I just found 3 lenses in the attic. I attache a picture of them. For 1. and 2. i have some ideas, but i have no idea what 3. could be.
im using Canon EF, so my questions would be:
Can someone guide me / give me a hint / link about:
1. what are this guys (ok, i have idea about 1. and 2., but 3 - no idea.
2. what type of mount do they use?
3. what adaptor should i look for to mount them on Canon EF?
thanks for your kind answers :)[attachment=38764]l.jpg[/attachment]
ZEISS TODD-AO Zoom 50-150mm T3.2 Anamorphic x1.25 Large Format Vista Red Monstro On Ebay
Price: S $3,000.00
By Alex T
Amazing cage with built-in follow focus wheel perfect for the a7s, Canon and Nikon cameras. It's in used condition but works great. Redrock are a quality company with excellent customer service. I've found this cage to be exceptional as a one-man-band.
"The Scout is first of its kind ultra-portable camera multi-tool. It’s a universal cage and rig in one featuring a built-in microRemote Fingerwheel System that’s wireless-ready. The Scout has a rail system when you need it, or remove rails for a super low profile setup. Load-and-go, run-and-gun, point-and-shoot right out of the box. ultraCage Scout is the ultimate self-contained rig for handheld mirrorless camera and DSLR video"
Selling for £1099
By Zach Goodwin2
How To Film In Natural Light
Not enough light:
Move the subject closer to the light source, bring the camera closer to the subject, angle the camera to create a silhouette, use a lower f/stop. Try to focus on how the subject is lighted not the background.
Use a slower shutter speed if there is less movement going on. If you can decrease the frames per second, and maybe try using a time-lapse. Better yet, for wide-shots use a wide angle lens with a low f/stop.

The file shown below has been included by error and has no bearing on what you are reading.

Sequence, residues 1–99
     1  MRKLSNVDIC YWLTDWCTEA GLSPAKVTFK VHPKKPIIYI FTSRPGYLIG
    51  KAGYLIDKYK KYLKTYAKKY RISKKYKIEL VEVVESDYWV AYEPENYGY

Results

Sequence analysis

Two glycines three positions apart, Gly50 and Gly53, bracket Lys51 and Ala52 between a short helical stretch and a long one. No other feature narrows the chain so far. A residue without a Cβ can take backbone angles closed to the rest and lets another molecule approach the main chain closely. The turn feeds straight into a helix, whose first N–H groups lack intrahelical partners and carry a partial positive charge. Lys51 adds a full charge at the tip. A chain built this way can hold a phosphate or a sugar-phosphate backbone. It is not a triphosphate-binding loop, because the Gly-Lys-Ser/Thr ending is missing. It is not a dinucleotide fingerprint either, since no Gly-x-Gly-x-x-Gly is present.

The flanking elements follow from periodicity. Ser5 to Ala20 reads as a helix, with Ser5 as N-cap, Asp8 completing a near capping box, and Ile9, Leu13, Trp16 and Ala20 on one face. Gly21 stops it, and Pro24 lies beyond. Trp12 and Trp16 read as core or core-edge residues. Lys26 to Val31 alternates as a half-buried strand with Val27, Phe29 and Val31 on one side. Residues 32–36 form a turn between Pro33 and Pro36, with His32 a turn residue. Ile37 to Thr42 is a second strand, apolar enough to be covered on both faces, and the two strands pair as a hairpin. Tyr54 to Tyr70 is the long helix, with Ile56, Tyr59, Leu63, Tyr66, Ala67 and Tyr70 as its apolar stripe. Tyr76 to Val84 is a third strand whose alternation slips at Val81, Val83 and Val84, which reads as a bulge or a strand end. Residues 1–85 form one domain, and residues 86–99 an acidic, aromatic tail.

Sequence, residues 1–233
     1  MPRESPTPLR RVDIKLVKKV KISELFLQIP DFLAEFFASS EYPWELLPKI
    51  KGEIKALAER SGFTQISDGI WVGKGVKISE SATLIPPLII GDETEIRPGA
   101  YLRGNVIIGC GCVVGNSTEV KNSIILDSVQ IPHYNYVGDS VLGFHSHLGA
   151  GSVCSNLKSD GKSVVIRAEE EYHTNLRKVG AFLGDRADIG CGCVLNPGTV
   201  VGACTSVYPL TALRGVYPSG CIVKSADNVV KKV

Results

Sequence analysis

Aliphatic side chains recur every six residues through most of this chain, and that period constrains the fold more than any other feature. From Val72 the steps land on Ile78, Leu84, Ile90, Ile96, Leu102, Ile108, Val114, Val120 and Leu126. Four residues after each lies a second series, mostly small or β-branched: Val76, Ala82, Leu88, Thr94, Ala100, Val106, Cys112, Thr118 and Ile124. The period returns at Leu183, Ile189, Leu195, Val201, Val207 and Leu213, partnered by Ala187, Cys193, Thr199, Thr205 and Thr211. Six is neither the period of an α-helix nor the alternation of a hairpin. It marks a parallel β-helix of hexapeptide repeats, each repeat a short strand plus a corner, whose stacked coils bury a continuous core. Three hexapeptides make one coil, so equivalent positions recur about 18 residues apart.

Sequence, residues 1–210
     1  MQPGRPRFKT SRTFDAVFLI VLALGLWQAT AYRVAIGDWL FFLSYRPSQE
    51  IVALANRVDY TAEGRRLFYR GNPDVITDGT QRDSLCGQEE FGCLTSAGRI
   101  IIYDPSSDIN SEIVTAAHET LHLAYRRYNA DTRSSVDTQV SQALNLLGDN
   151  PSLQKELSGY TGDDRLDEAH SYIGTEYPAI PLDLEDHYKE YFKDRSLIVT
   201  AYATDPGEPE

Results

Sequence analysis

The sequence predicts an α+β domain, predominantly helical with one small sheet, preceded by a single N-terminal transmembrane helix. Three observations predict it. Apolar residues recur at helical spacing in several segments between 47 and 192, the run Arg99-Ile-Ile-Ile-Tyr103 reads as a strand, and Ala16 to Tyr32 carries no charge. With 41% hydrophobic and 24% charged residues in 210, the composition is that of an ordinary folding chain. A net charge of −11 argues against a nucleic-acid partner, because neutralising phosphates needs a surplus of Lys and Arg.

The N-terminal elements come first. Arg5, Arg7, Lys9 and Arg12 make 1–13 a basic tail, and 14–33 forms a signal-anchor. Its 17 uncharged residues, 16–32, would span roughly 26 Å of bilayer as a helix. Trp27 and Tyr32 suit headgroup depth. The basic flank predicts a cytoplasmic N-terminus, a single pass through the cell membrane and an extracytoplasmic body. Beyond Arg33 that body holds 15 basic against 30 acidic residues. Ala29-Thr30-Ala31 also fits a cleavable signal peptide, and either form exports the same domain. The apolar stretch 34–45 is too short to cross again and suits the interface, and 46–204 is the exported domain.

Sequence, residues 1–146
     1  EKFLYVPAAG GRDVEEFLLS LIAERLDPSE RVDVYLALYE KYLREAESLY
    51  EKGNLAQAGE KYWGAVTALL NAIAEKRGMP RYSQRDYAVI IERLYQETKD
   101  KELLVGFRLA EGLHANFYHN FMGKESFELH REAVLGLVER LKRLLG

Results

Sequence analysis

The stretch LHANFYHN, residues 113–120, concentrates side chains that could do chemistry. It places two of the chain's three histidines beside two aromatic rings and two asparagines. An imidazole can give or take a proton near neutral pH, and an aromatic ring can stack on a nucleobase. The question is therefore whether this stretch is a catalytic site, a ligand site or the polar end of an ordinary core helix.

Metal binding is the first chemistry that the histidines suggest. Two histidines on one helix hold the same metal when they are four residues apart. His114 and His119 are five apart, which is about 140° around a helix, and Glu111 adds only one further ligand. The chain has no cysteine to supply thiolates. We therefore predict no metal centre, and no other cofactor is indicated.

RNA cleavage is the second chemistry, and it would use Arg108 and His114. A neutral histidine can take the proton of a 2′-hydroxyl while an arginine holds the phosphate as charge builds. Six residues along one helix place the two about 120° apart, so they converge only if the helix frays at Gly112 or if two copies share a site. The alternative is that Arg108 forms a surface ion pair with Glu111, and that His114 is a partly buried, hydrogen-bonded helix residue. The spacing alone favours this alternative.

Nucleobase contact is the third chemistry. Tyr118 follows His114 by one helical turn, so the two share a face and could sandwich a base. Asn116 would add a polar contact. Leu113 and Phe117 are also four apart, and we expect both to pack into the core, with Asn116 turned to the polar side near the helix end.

Despite the criticism on this subject, do not focus on noise/grain. Try to use On-Camera lighting well.
Too much light:
Move the subject farther away from the light source, bring the camera farther from the subject, angle the camera to create a clean background, use a higher f/stop.
Use a faster shutter speed if there is less movement going on. If you can increase the frames per second, and maybe even try using slow motion shots where there are lots of fast movement. Better yet, for close-ups use a telephoto lens with a high f/stop.
Despite the criticism on this subject, do not focus too much on highlight loss.
Thoughts on All of This:
Do not try to add any reflectors, add more lights, get people to help you out unless you have figured out how to light the scene naturally. It can be expensive.
HI there, shot the above promo for a documentary we are making. 99.9% done on the JVC LS300. Settings on JVC were J LOG, UHD, Samyang lenses and Atomos Shogun.
Editing on Adobe Premiere
If you exclude the flimsy build quality we think it does produce a great image for the money.